Published on October 3, 2017 by Entangled Teen
Genres: Science Fiction, Young Adult
Buy the Book!
Book Depository / Amazon / Barnes & Noble
Rumor Mora fears two things: hellhounds too strong for him to kill, and failure. Jude Welton has two dreams: for humans to stop killing monsters, and for his strange abilities to vanish.
But in no reality should a boy raised to love monsters fall for a boy raised to kill them.
Nyx Llorca keeps two secrets: the moon speaks to her, and she's in love with Dahlia, her best friend. Braeden Tennant wants two things: to get out from his mother's shadow, and to unlearn Epsilon's darkest secret.
They'll both have to commit treason to find the truth.
During one twenty-seven-hour night, if they can't stop the war between the colonies and the monsters from becoming a war of extinction, the things they wish for will never come true, and the things they fear will be all that's left.
I struggled to write this review, probably more than I have in a while for a book. Part of this is because I’ve seen backlash on lower rated reviews for 27 Hours and there are SO MANY higher ratings that I thought that I was crazy for not enjoying this one as much as other readers have. And before I say anything more I want to add in a few disclaimers.
First, this review is not a reflection on the author as a person. I don’t follow them or keep up with what’s going on in regards to their work or this book. I received 27 Hours for review and that’s it. Second, I cannot say whether the rep featured in this book is good or not because I am not a part of any of the groups mentioned so comments on the rep should be considered with that in mind. And finally, I read for entertainment. A book can be beautifully diverse and not entertain me, and that’s where I sit with this one.
I generally like to start off with the characters. 27 Hours bounces between four different points of view. Each character is not only culturally and racially unique, but they also feature a wide variety of sexualities. It’s honestly amazing. We need more of this in fiction, especially SFF. Again, I can’t speak to the rep but I can say that I think the character diversity was my favorite part of this book.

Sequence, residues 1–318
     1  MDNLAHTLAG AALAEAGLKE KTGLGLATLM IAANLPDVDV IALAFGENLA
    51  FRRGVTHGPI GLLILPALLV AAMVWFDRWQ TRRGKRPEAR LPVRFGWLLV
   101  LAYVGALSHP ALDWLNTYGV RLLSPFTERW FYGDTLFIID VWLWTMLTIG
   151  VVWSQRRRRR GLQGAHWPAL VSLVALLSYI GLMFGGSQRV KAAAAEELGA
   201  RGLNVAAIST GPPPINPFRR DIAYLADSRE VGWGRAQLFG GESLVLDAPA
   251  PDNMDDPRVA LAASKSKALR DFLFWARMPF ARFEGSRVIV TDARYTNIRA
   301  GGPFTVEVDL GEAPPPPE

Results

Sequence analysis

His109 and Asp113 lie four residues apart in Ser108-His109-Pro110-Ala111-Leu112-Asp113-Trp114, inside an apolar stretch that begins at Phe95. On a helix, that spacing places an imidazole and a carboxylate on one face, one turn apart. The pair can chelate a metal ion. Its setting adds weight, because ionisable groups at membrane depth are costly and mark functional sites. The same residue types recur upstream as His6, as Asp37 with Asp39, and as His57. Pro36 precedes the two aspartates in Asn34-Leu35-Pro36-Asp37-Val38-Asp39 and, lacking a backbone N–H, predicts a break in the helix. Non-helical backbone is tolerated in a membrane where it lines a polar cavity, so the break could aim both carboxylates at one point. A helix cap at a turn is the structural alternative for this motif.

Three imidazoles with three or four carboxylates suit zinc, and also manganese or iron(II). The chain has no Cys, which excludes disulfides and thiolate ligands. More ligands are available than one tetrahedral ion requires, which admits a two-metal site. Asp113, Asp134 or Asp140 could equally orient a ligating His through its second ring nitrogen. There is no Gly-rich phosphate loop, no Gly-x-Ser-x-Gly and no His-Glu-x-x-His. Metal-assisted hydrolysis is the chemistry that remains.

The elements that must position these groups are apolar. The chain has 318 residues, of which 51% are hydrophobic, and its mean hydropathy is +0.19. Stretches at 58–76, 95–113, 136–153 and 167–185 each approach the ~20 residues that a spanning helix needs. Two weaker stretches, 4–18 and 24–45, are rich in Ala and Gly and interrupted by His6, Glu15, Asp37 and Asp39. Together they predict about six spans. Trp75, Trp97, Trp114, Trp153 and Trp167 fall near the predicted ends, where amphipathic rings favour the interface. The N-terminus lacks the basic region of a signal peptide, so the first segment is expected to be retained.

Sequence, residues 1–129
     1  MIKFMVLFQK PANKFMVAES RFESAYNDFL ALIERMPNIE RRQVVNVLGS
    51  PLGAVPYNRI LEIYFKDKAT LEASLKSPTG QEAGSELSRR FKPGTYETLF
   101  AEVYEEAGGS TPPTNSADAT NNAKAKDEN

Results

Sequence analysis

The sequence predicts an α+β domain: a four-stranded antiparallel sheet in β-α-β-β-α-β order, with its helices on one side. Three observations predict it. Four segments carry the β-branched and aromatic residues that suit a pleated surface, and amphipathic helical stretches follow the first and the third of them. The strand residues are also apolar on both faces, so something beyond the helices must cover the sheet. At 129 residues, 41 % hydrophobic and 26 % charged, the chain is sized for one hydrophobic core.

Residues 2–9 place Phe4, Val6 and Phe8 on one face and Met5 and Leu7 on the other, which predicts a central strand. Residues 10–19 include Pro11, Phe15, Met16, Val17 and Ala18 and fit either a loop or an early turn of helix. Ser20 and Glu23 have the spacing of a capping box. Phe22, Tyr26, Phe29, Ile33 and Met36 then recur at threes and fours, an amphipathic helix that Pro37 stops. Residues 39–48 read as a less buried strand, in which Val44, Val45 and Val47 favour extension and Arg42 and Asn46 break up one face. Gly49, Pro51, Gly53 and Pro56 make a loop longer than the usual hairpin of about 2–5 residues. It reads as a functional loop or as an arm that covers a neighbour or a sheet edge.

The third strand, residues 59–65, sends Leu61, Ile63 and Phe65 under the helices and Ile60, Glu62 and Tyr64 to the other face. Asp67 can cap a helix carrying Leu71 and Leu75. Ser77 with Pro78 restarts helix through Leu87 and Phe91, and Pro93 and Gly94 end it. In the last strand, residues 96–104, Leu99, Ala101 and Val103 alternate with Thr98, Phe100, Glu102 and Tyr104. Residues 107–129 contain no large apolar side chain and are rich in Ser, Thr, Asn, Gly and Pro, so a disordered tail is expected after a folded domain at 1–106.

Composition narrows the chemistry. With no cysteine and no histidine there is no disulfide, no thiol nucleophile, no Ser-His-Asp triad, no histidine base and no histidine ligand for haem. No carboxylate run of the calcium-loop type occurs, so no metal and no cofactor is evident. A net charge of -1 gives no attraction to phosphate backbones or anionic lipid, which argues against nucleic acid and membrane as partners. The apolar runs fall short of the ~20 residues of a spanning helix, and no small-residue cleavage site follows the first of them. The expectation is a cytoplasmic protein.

But while you could write a detailed character bio for each one, I never cared about them. For all the diversity, the characters fell flat for me. I see this happen a lot when a book features multiple PoVs, especially right off the bat (compared to series that introduce more as the story progresses). I guess I never really understood why we needed this many perspectives, especially when none featured a character from the other side of the story’s colonist vibe. Furthermore, this book seemed to be so focused on the diversity that it lost the story, the world, everything else that I would look for as a reader.
Now, you probably think I’m crazy. Too much diversity? No, that’s not what I’m saying here. My point is that it felt like the characters became their respective diverse representations but that’s where the development of their personalities and backgrounds stopped. I saw this with Sal in Mask of Shadows as well. To offer a contrasting title, Marie Lu’s Warcross is not only beautifully diverse but it was written in a way that the story is fully fleshed out and engaging, and the various representations are as much a part of the book as the story and world. Nothing is sacrificed there.
Characters aside, I had issues with the world-building and the pacing. I’m picky about my science fiction. I want to feel that this world is real. Humans colonizing a new planet in the next couple centuries then forgetting where they came from? Unrealistic to me. The fact that we teach history in school NOW, for starters, makes me question if the timeline for this story should have been more removed into the future. Yet the writing style, the language used, it gave me the sense we were in the present day, not the future. I felt like this world was a lot of surface with little depth.
As for the pacing, we’re thrown right into the action from Chapter 1. Which isn’t necessarily a bad thing, but there wasn’t enough time spent on introducing the opening character (Rumor) so all of these things are happening but as a reader, I’m not invested in the character to care whether they make it out of the conflict or not. This became a reoccurring problem when the chapters moved between characters so quickly that I never latched on to even one of them to invest in their future. No matter how good or bad a story is, the characters make it or break it for me. If I can’t get behind the characters, I can’t get into the book.
So. In short, 27 Hours did a great job at bringing diversity to YA SFF but the execution of the story left me wanting more. I think this book had the potential to be amazing but didn’t quite reach it. I’ll reiterate once more: this is a reflection of the book, not the author. I was reading for enjoyment and I didn’t get that, unfortunately.